What’s great about “Dangerous Liaisons” is that it knows just how soapy and ridiculous this all is. It’s set in stuffy, aristocratic France, but everything about this story is sex, love and revenge all the time. It’s absurd, but here, it works.
I saw an adaptation of Christopher Hampton’s play of the same name (he’s also the screenwriter) and think it’s a lot better as a film. The play is all talk and gossip. It’s bogged down under names and archaic language. The elaborate web of steamy fucking becomes impossible to follow in that setting. Here however, Frears’s cross cutting does the story wonders. He jumps from bed to bed, drawing room to drawing room and keeps the many liaisons, dangerous or not, in check.
It’s still hard to juggle and keep straight. The Marquise Isabelle de Merteuil (Glenn Close) wants to break up the arranged marriage of the young convent girl Cecile de Volanges (Uma Thurman), so she enlists a former lover of hers, the womanizing, snively and vain Vicomte Sebastian de Valmont (John Malkovich) to seduce her. But Vico is such a naturally immoral charmer that he feels the job is too easy. In addition, he aims to win over the love the married, chaste and virtuous Madame de Tourvel (Michelle Pfeiffer), and in exchange, the Marquise will allow him to share her bed.
It’s all sex talk, but every character in “Dangerous Liaisons” treats it with a political or social gravitas. Everything is said in sadistic whispers, and the film’s lush sets are all bathed in muted colors to match the film’s tone. Both the Marquise and the Vicomte are intensely immoral and deceptive, priding themselves embracing their current partner’s complete surrender to them and so in love with one another that they can do nothing but destroy each other.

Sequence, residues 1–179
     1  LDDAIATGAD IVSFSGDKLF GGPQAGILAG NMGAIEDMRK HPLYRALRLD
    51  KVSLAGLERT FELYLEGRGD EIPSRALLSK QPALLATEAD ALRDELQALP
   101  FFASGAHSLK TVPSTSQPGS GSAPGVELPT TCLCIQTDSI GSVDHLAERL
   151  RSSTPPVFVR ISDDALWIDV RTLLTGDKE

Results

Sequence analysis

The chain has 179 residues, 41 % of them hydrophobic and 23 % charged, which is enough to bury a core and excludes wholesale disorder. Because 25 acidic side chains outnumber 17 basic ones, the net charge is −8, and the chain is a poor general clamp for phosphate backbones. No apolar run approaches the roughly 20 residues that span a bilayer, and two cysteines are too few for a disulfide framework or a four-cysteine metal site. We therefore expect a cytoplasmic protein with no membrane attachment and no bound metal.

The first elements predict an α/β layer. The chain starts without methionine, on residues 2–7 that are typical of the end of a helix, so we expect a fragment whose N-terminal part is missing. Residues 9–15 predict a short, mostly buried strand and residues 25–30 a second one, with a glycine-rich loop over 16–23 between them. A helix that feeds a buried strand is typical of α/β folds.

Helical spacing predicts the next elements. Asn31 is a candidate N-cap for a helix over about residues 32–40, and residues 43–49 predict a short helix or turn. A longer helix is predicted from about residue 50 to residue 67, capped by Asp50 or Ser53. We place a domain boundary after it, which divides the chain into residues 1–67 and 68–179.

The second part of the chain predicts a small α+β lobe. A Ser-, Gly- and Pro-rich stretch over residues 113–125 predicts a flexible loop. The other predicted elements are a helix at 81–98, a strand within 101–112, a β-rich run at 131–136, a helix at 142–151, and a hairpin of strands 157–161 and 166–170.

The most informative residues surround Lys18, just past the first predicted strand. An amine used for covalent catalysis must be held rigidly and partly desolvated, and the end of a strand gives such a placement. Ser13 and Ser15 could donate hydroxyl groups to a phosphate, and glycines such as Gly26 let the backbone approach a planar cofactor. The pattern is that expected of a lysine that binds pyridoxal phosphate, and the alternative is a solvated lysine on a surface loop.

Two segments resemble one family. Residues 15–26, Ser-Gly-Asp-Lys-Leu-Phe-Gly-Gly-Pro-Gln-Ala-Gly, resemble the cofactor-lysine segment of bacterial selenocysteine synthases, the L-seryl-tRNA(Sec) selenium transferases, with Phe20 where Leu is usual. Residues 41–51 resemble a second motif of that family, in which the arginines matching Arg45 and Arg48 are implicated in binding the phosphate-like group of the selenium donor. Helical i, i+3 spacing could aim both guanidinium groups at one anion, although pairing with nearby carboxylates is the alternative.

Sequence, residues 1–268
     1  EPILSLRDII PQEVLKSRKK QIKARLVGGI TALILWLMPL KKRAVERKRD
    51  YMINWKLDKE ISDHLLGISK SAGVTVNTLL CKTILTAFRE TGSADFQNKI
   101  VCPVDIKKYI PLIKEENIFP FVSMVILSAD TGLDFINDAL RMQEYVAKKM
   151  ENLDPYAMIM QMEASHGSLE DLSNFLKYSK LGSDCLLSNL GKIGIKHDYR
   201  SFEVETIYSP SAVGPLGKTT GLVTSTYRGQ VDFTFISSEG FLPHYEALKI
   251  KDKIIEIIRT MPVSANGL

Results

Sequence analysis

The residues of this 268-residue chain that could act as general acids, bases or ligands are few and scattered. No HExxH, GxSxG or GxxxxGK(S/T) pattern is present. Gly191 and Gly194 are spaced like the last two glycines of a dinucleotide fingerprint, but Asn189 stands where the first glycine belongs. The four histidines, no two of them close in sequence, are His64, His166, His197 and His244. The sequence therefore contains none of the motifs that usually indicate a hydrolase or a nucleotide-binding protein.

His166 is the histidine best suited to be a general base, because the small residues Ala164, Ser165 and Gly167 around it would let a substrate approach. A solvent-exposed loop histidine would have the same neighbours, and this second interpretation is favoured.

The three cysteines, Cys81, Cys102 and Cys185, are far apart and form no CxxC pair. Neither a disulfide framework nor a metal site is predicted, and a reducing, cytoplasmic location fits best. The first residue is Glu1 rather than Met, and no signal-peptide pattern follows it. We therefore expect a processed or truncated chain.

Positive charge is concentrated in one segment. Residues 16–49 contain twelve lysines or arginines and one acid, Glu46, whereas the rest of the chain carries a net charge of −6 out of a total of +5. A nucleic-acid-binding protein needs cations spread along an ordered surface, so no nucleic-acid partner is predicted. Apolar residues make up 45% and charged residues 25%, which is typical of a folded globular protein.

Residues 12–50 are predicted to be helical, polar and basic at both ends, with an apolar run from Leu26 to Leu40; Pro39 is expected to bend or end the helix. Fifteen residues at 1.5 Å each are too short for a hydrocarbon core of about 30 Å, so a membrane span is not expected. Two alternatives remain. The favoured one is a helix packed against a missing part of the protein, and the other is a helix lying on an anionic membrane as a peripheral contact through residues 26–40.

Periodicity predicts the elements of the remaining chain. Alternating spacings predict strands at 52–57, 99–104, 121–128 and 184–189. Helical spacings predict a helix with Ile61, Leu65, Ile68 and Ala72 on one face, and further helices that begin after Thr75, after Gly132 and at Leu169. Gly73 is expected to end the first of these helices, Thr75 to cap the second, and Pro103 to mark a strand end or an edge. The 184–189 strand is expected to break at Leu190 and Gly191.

Thankfully, Malkovich and Close are terrifically theatrical and melodramatic. Unlike “The Age of Innocence,” an American period drama that also starred Michelle Pfeiffer, these characters wear their emotions and their dark underbelly on their sleeves. They have a way of giving the camera a number of glaring, smirking close-ups and looking absolutely giddy while doing it.
What’s also fun about the movie is how ridiculous it gets. Vico’s biggest trick in the movie is convincing Cecile to leave him a spare bedroom key, which he then uses to enter her room and rape her on a regular basis. But when Cecile confides in the Marquise, she practically encourages Cecile to be slutty and have fun while she’s raped. Learn a thing or two about sex from such an awful experience, and take that energy (or disease) back to the guy you really love. But that’s not even the worst! Vico then says to Cecile how in the past her mother was essentially the Village Bicycle, and he knows, because he got a ride too. Amazingly, her response is not, “Eww, you had sex with my mom?”